My Baby's in Oblique Position


Dear Midwife,
I'm due in 3 days and my baby's not engaged and in an oblique position, the doctors have done an ultra sound and found the placenta is not in the way but will do nothing more (eg pelvic measurements or discuss c sections).

Isn't this type of positioning likely to cause a difficult labor and why don't they want to look into it more before labor begins?

I've felt great through the whole pregnancy and not too worried about the birth, but am anxious now and feeling as though they'd prefer I go through complications rather than prevent them.

Thanks for you help.


The reason they are not doing anything is because it could still be 17 days before you deliver and your baby would still not be late.

Usually what happens in these cases is that you will have Braxton-Hicks contractions (pre- or early labor) that put the baby in the proper position. Once it's there, you then proceed to a normal birth. Babies are pretty smart that way :-). If the baby seriously tried to come shoulder first and it couldn't be turned (also a very likely possibility), then of course other delivery options would be discussed.

But no responsible provider wants to give anyone major abdominal surgery which might cause any number of complications both for you and for your baby if the problem can be solved with a little patience.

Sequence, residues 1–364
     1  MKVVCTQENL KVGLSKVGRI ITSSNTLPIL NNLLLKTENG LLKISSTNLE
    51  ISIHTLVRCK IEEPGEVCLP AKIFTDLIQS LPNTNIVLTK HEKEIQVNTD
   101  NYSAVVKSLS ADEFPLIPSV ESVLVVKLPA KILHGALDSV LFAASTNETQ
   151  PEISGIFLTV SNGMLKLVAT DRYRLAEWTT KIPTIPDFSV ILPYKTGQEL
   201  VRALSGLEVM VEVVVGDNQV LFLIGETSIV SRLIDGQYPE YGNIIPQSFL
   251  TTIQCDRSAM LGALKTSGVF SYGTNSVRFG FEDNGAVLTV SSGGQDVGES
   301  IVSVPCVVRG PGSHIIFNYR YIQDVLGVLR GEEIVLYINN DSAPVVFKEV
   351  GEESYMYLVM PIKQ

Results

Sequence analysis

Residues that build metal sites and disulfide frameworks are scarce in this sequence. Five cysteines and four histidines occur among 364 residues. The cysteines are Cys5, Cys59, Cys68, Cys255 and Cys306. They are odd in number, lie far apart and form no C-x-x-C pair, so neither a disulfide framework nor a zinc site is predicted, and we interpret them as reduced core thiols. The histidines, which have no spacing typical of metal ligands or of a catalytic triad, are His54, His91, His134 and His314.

If you have not been educated about why you would like to avoid a cesarean, you might try:

It sounds to me like your providers are trying to give you and your baby the best possible chance to avoid complications. Let's hope they succeed!

-- Cynthia, CNM. PhD.

Cynthia Flynn

Cynthia Flynn, CNM. PhD, is the General Director of the Family Health and Birth Center which provides prenatal, birth, postnatal, gynecological and primary health care to underserved women and their families in Washington, D.C. Recently Cynthia served as Associate Professor of Nursing at Seattle University. There she not only taught, but remained in full scope clinical midwifery practice at Valley Medical Center where she cared for pregnant and birthing women, and practices well-woman gynecology, family planning, and treatment of sexually transmitted diseases.

Cynthia founded Columbia Women's Clinic and Birth Center, where she took care of pregnant women and infants up to two weeks of age and attended both birth center and hospital births. Before Cynthia earned her CNM, she worked as a registered nurse in labor and delivery and postpartum and is a certified Doula and Doula trainer.